Bob Dylan explains why he won Nobel Prize in long-winded lecture

After skipping the 2016 Nobel Prize banquet last year, Bob Dylan was given a six-month deadline to share his Nobel Lecture in order to officially receive his Nobel Prize in Literature.

On Monday, the organization shared a recorded version of Dylan's speech, a freewheeling 27-minute address recorded on June 4. The 76-year-old singer/songwriter began his speech by addressing a question many critics had when he first won the prize: Why was the famed literary award presented to an artist mainly seen as a musician?

"When I received the Nobel Prize for Literature, I got to wondering how exactly my songs related to literature," he said.

Using the same vivid language and circuitous storytelling that are hallmarks of his songbook, Dylan described how the classics he read in school influenced his music. "When I started writing my own songs, folk lingo was the only vocabulary that I knew, and I used it," he said. "But I had something else as well. I had principles and sensibilities and an informed view of the world, and I'd had that for a while. I learned it all in grammar school: Don Quixote, Ivanhoe, Robinson Crusoe, Gulliver's Travels, A Tale of Two Cities, all the rest."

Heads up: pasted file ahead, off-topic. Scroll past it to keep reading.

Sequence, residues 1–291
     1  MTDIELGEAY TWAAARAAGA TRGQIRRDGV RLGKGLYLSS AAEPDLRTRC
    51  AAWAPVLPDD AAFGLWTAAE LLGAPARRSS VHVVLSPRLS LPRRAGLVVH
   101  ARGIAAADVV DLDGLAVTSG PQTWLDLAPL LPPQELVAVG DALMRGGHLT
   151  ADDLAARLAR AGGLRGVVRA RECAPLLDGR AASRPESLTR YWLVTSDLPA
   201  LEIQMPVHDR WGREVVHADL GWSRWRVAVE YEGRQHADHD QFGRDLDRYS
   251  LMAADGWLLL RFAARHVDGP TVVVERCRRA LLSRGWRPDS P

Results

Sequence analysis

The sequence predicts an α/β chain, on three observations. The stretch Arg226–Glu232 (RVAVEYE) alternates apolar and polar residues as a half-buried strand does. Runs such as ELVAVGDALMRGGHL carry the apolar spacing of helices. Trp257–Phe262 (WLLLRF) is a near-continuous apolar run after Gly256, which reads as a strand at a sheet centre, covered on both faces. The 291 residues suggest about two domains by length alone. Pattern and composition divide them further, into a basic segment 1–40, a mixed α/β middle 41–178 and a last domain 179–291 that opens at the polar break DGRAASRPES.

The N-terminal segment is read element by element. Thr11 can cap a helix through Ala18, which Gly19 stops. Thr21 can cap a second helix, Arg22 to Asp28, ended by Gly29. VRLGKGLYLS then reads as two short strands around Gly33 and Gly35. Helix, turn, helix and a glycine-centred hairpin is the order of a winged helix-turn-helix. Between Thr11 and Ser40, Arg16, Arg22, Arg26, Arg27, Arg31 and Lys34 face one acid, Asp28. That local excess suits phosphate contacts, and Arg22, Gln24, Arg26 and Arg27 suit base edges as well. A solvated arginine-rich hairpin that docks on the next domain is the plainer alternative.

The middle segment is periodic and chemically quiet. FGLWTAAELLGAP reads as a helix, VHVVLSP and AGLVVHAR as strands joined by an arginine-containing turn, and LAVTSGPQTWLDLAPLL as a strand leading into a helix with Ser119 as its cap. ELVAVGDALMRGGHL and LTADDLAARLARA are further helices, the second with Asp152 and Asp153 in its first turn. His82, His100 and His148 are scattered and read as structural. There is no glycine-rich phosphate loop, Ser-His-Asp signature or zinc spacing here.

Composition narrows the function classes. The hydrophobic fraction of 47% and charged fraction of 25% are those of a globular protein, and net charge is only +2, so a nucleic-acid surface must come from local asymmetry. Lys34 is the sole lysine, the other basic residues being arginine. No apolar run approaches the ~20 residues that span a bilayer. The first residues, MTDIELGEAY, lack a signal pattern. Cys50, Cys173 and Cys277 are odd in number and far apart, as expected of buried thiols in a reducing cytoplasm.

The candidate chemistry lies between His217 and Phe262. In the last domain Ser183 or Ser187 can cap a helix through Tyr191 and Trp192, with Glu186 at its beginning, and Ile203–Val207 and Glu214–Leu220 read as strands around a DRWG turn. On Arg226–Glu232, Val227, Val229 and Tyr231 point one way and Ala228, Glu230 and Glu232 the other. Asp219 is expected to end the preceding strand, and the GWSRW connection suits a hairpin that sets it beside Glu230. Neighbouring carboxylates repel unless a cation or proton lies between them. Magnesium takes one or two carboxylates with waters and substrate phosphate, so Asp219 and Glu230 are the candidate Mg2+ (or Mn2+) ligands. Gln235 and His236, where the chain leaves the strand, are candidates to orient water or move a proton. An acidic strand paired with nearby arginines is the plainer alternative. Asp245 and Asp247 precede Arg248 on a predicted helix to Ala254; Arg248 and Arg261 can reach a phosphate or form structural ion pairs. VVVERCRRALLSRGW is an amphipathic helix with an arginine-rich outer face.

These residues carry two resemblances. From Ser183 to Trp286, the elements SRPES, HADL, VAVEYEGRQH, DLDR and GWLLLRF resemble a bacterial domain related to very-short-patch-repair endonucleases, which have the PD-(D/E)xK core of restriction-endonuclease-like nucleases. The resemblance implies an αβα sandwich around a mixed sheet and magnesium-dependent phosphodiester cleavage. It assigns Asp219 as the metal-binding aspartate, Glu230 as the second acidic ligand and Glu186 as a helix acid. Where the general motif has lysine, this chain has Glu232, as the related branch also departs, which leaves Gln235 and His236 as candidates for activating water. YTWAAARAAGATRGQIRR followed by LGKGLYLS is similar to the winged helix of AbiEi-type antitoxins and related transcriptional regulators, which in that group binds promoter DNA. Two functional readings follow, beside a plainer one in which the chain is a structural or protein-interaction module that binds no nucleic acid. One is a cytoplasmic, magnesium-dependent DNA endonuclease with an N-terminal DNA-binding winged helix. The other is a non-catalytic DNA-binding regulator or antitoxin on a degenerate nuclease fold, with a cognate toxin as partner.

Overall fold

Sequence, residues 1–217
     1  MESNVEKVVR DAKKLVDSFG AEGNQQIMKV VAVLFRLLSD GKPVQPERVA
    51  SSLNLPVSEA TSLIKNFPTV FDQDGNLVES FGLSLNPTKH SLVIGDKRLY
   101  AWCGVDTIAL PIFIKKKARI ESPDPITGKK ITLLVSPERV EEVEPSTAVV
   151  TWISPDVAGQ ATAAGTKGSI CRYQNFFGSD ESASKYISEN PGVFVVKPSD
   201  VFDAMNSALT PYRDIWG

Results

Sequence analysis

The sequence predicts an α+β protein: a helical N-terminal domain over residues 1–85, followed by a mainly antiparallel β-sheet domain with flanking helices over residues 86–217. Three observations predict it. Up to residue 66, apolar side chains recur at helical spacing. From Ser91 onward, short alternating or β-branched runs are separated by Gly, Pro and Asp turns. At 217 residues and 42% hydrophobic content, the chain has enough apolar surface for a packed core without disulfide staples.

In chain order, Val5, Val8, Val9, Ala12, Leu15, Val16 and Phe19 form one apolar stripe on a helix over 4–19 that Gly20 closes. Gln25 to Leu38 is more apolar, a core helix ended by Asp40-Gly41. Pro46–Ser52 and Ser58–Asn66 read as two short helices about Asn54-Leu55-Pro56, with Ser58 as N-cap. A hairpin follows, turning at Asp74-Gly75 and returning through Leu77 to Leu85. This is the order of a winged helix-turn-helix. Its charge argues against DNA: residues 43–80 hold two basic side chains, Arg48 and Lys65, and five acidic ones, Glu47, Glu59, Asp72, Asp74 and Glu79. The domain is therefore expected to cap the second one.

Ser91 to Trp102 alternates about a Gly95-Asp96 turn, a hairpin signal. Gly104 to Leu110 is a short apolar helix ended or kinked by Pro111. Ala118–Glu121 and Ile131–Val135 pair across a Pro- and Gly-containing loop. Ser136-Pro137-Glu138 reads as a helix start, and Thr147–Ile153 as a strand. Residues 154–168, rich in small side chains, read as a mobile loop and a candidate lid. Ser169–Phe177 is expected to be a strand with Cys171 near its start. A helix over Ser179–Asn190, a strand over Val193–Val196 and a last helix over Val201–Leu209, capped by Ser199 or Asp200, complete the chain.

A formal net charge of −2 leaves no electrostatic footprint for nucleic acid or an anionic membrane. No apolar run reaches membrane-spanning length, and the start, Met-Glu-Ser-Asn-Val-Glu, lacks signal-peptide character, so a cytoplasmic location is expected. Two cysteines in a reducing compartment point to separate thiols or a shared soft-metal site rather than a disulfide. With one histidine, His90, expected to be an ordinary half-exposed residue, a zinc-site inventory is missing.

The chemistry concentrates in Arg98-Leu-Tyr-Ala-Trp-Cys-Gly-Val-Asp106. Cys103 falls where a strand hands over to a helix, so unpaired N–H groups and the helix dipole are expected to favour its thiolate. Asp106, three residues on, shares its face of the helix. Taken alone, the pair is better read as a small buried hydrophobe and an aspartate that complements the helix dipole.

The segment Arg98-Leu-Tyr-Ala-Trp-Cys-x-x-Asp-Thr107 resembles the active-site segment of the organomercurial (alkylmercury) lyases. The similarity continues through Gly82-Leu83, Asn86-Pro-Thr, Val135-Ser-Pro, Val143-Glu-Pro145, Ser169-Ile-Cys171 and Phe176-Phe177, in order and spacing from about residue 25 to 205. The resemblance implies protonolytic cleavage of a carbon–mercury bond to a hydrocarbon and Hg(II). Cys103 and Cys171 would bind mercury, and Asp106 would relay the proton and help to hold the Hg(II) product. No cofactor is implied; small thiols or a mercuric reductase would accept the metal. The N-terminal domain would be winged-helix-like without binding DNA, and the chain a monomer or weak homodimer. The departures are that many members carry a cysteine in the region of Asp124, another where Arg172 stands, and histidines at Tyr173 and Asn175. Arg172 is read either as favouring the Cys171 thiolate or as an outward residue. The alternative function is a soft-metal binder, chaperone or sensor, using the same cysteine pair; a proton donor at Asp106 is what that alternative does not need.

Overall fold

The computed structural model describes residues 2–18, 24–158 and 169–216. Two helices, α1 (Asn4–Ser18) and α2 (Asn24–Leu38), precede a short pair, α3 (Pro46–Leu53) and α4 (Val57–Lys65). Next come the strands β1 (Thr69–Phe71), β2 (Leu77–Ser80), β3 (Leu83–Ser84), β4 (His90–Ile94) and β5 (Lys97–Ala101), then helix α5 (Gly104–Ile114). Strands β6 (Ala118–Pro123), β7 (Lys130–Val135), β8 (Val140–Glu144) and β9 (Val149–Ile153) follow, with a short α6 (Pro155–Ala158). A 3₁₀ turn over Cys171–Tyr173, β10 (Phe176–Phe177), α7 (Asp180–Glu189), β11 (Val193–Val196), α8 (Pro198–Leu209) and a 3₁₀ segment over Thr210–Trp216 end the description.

"Typical grammar school reading that gave you a way of looking at life, an understanding of human nature, and a standard to measure things by," he continued. "I took all that with me when I started composing lyrics, and the themes from those books worked their way into many of my songs, either knowingly or unintentionally."

Dylan dedicates the rest of the lecture to retelling, in fantastical detail, three works of literature that specifically inspired him: Moby Dick, All Quiet on the Western Front and The Odyssey. In his speech's final moments, he acknowledges that "songs are unlike literature, they're meant to be sung, not read," before sharing a telling quote from The Odyssey: "Sing in me, Muse, and through me tell the story."

The Swedish Academy awarded Dylan the 2016 Nobel Prize in Literature "for having created new poetic expressions within the great American song tradition." After declining the invitation to attend the traditional Nobel Prize banquet and ceremony on Dec. 10, pleading other commitments, Dylan visited Stockholm to accept his Nobel diploma and medal in April.

© 2017 USATODAY.COM


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